The Individualized Education Program (IEP) determines the accommodations required for students who are deaf or hard of hearing. Educational interpreting can occur in any setting in which the student is engaged in learning. The educational interpreter plays a critical role in facilitating communication between the student, their teachers and peers. Interpreting is the primary and sole responsibility of the educational interpreter.
As we begin the 2019-20 school year, we thought it would be appropriate to review the role and techniques of the educational interpreter with a few reminders.
- Educational interpreters are not classroom aides.
Interpreters are not responsible for any teaching duties including, but not limited to tutoring, reading to the student or class, supervising the class, making copies, grading papers or any other administrative tasks.
- Interpreters uphold the ethical code of conduct regarding confidentiality.
Interpreters maintain confidentiality and do not evaluate the teacher nor report anything to school administration. However, interpreter ethics do not supersede the safety of students or local, state or federal laws.
- Interpreters support students’ access to equal communication.
Teachers and students should understand that interpreters will interpret everything including comments, conversations and sounds inside and outside of the classroom environment. For that reason, an interpreter should never be dismissed when a deaf student is present – even if the teacher says they are only doing independent work. Unexpected situations may arise requiring interpretation for the deaf student.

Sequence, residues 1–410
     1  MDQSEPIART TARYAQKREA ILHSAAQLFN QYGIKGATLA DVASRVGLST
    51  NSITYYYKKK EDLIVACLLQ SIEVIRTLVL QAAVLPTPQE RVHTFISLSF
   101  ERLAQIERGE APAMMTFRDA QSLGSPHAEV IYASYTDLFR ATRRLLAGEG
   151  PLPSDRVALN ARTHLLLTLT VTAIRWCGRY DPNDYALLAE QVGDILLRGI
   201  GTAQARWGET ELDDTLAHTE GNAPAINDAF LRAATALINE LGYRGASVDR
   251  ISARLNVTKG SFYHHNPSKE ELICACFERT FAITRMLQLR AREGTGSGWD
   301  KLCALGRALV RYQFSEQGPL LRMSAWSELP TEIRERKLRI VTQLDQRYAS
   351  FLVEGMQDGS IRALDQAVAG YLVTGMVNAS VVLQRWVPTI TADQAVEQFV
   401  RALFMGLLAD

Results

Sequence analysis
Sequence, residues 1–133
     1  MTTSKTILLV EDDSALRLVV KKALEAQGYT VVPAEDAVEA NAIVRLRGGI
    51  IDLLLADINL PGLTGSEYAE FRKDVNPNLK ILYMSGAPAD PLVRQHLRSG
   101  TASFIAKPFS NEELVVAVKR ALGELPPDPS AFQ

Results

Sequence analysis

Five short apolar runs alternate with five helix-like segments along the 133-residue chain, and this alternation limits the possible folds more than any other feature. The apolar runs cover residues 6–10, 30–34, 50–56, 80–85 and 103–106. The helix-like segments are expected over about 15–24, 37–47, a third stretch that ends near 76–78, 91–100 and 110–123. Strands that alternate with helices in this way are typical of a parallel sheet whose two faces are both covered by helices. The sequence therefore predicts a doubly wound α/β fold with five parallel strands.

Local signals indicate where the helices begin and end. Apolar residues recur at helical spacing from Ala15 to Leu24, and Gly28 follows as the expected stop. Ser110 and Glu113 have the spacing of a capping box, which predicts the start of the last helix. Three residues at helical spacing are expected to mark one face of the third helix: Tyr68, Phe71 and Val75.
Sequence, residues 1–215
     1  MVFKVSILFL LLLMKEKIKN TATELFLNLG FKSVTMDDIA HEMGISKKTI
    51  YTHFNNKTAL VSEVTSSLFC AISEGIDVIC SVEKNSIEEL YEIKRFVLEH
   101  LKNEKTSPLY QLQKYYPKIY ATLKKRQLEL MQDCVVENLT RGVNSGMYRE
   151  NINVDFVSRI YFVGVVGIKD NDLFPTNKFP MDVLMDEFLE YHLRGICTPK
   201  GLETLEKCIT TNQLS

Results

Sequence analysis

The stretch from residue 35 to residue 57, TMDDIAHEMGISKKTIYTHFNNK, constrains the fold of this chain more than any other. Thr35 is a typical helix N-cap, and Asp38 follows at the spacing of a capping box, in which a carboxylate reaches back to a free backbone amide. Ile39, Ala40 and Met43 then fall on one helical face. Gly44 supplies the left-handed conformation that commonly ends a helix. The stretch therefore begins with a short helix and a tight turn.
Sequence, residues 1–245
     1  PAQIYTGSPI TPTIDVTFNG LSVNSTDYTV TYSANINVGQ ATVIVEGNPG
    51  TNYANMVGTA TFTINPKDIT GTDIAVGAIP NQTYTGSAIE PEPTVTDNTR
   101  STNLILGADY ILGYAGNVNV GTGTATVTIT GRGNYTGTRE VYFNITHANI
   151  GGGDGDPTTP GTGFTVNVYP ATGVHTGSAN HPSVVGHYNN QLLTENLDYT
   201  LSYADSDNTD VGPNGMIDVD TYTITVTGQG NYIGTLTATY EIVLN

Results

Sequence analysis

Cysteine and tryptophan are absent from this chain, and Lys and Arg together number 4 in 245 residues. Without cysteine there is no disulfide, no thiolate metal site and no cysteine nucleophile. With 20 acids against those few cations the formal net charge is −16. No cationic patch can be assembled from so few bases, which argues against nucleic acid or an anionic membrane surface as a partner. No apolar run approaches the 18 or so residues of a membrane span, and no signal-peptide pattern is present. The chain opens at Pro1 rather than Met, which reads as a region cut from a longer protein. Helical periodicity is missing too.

- Interpreters should always comport themselves professionally.
Even when students are working independently, interpreters should remain in the classroom. The interpreter should remain alert and available to render interpreting services if needed. While Interpreters may read a book, they should refrain from working on personal projects and should keep use of mobile device to a minimum.
- Interpreters establish appropriate boundaries with students and parents.
Interpreters should never correspond directly with students outside of the classroom, nor act as a liaison with parents. Any additional interpreting requests should be directed to school administration and coordinated directly to the agency.
- Interpreters foster positive relationships with teachers and school staff.
Recognize that even the most seasoned teachers may not have experience working with deaf students. Interpreters are there to lend support and:
- reinforce direct communication between teacher and student.
- demonstrate the importance of positioning, lighting and vocabulary content.
- explain ‘processing time’ to the teacher so that they understand interpreting takes time and may require expansion to develop concepts.